Television and the Making of Richard Nixon (Paperback)
While Richard Nixon's accomplishments and shortcomings are well-documented, one often ignored aspect of his career is his influence on the media conduct of politicians. Nixon pioneered the use of visual media in politics, beginning in the 1940s during his Congressional service. His historic "Checkers" speech was the first of its kind: a politician using television to save his political career. His appearances on entertainment television, which are now a normal feature of most national political campaigns, broke new ground as well. This book details the blueprint Nixon set for using television to achieve political goals. Presidents have often used innovative media as strategic methods of communication and public relations. The author argues that Nixon pioneered television media, using it consistently to connect with the American public.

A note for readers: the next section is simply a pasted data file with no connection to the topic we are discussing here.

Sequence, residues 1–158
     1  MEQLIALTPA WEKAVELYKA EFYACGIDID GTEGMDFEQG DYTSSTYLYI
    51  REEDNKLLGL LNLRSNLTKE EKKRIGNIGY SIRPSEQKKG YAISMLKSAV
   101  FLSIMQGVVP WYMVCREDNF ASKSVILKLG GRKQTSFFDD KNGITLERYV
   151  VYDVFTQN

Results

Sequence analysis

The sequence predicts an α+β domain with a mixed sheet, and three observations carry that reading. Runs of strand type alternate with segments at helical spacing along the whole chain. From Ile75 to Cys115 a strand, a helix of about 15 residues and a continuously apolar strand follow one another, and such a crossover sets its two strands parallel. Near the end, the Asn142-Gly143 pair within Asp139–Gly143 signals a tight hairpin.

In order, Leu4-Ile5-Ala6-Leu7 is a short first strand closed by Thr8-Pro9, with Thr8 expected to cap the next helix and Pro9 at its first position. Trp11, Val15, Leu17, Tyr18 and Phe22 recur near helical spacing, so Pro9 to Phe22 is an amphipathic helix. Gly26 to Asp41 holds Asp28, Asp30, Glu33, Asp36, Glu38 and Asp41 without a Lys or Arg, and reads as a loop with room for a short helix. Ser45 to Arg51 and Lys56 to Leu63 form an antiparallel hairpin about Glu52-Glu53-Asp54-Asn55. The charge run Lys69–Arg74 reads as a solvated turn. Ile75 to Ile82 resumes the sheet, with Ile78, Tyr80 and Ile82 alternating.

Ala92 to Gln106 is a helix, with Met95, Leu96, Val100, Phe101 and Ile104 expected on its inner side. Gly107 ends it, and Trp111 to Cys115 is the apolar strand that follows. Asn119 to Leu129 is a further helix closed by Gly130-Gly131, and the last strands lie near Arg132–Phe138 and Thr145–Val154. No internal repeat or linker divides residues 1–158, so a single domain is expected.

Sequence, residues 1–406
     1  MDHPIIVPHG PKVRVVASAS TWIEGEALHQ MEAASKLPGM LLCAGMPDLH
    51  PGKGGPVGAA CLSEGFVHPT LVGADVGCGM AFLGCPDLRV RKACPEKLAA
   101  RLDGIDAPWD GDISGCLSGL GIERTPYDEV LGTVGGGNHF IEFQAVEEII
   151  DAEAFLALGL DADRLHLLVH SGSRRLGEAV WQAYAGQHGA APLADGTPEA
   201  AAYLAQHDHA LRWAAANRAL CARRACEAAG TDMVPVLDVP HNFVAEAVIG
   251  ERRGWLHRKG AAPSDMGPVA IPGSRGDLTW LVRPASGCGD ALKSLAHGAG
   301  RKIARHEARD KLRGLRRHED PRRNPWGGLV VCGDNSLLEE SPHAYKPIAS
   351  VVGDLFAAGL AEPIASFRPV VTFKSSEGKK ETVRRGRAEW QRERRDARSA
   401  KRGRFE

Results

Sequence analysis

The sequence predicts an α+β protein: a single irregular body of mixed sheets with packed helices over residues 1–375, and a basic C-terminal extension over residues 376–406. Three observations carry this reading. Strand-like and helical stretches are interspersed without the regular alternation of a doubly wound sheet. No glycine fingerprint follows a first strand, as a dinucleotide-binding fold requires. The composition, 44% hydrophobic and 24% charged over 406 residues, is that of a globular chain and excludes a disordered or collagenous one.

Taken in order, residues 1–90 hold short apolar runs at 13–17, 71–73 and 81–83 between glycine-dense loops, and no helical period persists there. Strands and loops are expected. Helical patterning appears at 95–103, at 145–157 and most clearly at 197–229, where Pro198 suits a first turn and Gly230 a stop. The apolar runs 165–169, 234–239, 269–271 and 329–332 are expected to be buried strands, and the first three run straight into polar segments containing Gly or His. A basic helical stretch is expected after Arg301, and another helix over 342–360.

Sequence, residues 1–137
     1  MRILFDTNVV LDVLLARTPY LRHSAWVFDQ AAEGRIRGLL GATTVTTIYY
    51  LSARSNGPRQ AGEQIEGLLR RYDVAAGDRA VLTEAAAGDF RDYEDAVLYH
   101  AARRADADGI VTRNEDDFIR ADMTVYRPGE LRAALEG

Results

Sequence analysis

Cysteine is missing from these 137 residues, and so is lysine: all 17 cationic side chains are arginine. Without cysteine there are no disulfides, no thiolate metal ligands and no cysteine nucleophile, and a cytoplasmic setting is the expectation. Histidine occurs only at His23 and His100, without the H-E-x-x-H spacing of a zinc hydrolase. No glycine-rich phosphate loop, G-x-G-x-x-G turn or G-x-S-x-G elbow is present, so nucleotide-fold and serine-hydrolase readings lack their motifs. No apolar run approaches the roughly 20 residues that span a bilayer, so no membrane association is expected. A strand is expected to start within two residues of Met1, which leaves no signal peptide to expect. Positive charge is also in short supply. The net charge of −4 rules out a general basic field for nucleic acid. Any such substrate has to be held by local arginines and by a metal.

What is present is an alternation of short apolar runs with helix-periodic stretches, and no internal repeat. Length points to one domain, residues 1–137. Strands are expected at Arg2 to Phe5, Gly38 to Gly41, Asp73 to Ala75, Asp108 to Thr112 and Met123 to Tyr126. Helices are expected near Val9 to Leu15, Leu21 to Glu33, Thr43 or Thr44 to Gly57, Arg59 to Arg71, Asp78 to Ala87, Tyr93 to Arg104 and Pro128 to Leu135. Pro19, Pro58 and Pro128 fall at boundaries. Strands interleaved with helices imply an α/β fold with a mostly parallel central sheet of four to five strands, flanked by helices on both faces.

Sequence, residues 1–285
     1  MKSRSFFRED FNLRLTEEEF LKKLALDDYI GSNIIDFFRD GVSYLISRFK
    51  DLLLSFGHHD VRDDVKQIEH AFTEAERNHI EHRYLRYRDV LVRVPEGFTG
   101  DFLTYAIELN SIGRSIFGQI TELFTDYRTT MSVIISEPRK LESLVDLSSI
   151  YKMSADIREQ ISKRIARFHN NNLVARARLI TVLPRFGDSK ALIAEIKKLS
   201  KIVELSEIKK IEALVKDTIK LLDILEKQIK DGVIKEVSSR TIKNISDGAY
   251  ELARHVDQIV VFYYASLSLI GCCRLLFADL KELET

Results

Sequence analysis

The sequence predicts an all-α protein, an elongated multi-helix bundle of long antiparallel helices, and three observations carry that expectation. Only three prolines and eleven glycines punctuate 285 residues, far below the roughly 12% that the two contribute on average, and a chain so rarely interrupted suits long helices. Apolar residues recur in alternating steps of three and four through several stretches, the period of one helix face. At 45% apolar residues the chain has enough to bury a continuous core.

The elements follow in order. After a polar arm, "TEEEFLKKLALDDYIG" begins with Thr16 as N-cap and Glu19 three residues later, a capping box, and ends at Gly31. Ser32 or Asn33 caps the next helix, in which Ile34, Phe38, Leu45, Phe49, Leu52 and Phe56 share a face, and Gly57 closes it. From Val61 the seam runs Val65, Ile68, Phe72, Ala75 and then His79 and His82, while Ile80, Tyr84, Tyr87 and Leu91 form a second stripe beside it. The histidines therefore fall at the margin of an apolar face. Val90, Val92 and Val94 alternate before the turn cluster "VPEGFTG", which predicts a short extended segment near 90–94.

William T. Horner is Curators' Distinguished Teaching Professor of Political Science at the University of Missouri in Columbia, Missouri. He has written, or co-written, five other books.